Nacre Quality: Nacre is what gives a pearl its glow. If the nacre is thin, the pearl might look dull and less durable, lowering its overall value.

Matching: If you’re looking at a piece of jewelry with more than one pearl, how well they match in terms of size, shape, color, etc., also matters.

1. Melo Melo Pearl

Melo melo snail Baler volute striped shell melon swimming underwater glass aquarium tank for sale at seafood market

This large sea snail creates the incredibly rare Melo Melo Pearl.

©VladyslaV Travel photo/

The Melo Melo pearl stands out as incredibly valuable among its counterparts. Unlike traditional oyster-derived pearls, this precious jewel emerges from Melo Melo sea snails, predominantly inhabiting the South China Sea in Southeast Asia. 

Fun fact: These snails bear an uncanny resemblance to coconut shells!

Encompassing many colors ranging from yellow to orange, the Melo Melo pearls remain the most sought-after and expensive. Comparable to a photograph that may gradually fade under the sun’s rays, these pearls, too, can lose their vividness if excessively exposed to sunlight.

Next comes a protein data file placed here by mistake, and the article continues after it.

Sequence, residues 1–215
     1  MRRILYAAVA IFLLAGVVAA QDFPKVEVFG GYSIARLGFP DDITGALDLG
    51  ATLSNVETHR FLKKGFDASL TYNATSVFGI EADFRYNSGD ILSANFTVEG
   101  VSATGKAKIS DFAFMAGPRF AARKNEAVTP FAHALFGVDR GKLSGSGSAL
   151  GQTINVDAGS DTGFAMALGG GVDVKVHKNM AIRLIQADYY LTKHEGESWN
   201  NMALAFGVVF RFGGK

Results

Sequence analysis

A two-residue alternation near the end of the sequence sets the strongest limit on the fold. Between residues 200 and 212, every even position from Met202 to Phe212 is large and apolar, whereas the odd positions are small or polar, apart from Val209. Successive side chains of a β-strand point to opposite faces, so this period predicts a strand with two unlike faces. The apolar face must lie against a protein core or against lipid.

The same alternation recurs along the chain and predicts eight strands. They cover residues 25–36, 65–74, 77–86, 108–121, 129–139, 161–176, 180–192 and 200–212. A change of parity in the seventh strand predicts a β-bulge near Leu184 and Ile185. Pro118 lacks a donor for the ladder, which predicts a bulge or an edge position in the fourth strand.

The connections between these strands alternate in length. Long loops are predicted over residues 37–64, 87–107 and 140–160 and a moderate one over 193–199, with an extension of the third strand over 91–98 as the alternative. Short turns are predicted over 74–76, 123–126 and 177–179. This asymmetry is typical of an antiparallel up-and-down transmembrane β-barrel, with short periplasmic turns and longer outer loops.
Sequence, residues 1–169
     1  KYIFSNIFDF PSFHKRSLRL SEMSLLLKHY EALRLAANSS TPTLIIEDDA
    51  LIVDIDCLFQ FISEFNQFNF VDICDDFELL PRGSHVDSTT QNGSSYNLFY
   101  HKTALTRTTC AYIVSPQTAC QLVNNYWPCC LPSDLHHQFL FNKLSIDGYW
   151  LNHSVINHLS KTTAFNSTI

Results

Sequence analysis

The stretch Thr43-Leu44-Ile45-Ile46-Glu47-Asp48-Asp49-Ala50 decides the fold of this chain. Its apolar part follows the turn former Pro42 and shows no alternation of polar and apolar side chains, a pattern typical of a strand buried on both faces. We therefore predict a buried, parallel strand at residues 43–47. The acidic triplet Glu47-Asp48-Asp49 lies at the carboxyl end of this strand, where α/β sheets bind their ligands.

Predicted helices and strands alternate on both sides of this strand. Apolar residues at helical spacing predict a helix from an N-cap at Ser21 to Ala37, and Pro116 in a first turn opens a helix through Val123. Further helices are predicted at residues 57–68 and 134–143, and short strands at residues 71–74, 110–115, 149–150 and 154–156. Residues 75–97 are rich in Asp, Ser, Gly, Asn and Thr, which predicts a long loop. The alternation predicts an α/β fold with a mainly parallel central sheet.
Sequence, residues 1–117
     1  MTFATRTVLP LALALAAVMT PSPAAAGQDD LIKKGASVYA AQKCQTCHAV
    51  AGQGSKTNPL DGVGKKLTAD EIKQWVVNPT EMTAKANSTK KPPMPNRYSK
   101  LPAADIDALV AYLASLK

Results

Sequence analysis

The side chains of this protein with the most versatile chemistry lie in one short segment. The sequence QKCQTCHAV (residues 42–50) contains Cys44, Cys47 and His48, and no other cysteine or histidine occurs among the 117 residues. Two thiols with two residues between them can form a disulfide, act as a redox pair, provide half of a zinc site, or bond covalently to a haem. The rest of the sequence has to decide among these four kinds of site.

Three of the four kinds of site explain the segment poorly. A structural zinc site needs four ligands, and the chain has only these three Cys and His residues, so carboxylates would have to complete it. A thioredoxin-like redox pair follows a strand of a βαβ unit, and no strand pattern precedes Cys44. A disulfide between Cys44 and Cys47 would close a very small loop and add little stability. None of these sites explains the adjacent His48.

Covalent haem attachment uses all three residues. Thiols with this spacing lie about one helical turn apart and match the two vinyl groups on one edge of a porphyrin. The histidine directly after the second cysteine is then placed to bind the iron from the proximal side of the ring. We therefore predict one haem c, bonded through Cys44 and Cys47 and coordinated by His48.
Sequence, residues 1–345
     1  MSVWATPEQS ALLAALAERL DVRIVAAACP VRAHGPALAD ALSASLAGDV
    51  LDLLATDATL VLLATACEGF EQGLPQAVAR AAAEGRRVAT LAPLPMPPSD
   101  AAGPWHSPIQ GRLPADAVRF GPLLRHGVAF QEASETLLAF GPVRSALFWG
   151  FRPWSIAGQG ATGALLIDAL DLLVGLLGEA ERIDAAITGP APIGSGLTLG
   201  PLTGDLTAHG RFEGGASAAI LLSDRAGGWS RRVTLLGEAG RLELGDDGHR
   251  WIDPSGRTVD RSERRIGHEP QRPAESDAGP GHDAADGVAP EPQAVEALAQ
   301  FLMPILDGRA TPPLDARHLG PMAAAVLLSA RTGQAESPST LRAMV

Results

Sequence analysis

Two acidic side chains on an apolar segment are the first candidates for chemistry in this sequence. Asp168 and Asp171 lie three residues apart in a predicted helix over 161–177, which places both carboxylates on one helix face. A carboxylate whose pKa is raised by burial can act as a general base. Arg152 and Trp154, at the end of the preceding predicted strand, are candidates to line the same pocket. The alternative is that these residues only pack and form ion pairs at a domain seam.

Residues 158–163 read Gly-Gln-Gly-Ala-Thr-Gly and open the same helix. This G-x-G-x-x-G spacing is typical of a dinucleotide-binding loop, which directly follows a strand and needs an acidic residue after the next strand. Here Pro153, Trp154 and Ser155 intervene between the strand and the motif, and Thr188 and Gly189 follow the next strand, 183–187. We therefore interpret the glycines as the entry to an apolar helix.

Typically exhibiting a spherical shape, Melo Melo pearls occasionally reach sizes as substantial as a golf ball. However, discovering one is like finding a needle in a vast haystack. Countless snails must be opened to stumble upon a single pearl, and locating one with impeccable orange coloring proves even more challenging.

If you are thinking about purchasing one, be prepared to invest a substantial sum. A top-tier Melo Melo pearl can fetch a price exceeding $75,000. Should it find its place in a jewelry set, the value can skyrocket to a staggering $250,000. 

Numerous attempts have been made to artificially cultivate these pearls; however, they have yet to achieve the desired outcome thus far.

2. Conch Pearl

Conch Pearl  The rarest pearl in the world

Another one of the rarest pearls in the world is the conch pearl which is generally pink or watermelon colored.